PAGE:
Olaf Stapledon

About Olaf Stapledon

The Centre’s namesake, Olaf Stapledon (1886-1950), is probably the most influential British science fiction writer since H. G. Wells, even though he almost certainly never saw himself as that kind of writer and isn’t popularly known today.

He was a social reformer concerned with the future; not only the political and social future that we as individuals and nations were heading towards, but also humanity’s evolutionary future. It was this anxiety about where we might be going, and whether in getting there we could continue to be human, which made him turn to fiction.

Born in Wallasey in 1886, Stapledon was the grandson of a sea captain who had set up a shipping agency in Port Said, Egypt. After Oxford, he worked for a short time in the Port Said office before returning to Liverpool, where his growing social awareness made him join a social work programme operating out of the University.  The outbreak of the First World War in 1914 caused Stapledon to examine his pacifist feelings. In 1915 he joined the Ambulance Unit of the Society of Friends (Quakers), carrying wounded and dying men and driving ambulances under fire.  After the War, he was awarded the Croix de Guerre by the French government.

Last and First Men

Last and First Men (1930)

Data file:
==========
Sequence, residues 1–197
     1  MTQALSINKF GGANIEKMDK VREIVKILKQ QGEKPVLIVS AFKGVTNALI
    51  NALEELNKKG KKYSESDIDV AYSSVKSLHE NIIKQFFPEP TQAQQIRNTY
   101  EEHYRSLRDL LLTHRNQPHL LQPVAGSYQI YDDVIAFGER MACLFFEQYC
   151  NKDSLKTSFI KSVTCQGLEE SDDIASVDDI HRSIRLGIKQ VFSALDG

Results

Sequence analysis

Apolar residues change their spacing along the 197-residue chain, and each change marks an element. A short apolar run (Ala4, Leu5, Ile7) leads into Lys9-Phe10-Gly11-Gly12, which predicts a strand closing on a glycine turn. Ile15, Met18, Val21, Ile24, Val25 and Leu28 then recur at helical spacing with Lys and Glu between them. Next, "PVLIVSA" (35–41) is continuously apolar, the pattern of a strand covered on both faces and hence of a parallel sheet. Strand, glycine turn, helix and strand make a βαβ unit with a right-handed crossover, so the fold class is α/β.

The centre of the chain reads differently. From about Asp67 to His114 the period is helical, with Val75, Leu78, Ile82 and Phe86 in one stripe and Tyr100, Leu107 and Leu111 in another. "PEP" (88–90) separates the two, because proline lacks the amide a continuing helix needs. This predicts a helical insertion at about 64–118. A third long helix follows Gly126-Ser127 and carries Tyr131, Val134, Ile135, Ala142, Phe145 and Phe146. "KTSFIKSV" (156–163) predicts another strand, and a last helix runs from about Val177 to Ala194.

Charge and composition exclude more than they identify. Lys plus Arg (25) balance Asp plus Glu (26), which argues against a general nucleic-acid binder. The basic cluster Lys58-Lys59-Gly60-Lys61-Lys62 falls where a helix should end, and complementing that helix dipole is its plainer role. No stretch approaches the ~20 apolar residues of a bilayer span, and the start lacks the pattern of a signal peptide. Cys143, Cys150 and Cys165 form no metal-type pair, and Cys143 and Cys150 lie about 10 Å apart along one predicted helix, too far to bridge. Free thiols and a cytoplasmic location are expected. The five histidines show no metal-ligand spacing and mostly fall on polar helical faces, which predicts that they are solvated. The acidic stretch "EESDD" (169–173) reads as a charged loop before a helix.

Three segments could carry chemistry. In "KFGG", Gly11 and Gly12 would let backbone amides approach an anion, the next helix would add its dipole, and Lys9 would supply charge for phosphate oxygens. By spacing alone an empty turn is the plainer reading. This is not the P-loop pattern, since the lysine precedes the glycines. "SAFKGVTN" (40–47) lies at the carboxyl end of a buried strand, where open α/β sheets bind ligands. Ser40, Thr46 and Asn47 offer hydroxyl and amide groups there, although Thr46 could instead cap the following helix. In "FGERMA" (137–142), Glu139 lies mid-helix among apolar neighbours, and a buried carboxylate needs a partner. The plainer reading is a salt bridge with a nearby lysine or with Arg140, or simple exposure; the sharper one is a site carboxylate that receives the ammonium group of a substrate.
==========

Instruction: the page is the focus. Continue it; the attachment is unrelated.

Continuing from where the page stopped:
It was his first novel, Last and First Men, published in 1930, which brought Stapledon to the attention of both science fiction readers and the literary establishment.  He had completed a PhD in Philosophy at the University of Liverpool, and taught in the Department for a time, whilst continuing his social and educational work. Yet his interest in the future–whether, in this time of radical and unsettling period of warfare and revolution, there was a future–made him want to explore these anxieties in fiction.

Stapledon’s further novels, which include Odd John (1935), Star Maker (1937) and Sirius (1944), also drew the attention of readers of the comparatively young genre of science fiction, attracted by its imaginative sweep and epic quality. A teenage Arthur C. Clarke discovered Last and First Men in his local library shortly after it was published, and it became a major influence on his own novels. Others, such as Brian Aldiss and Nobel Prize winner Doris Lessing list Last and First Men as one of the influences on their own work. His visionary impulses can be seen in later Liverpool sf writers such as Stephen Baxter and Matthew de Abaitua.

-        Andy Sawyer

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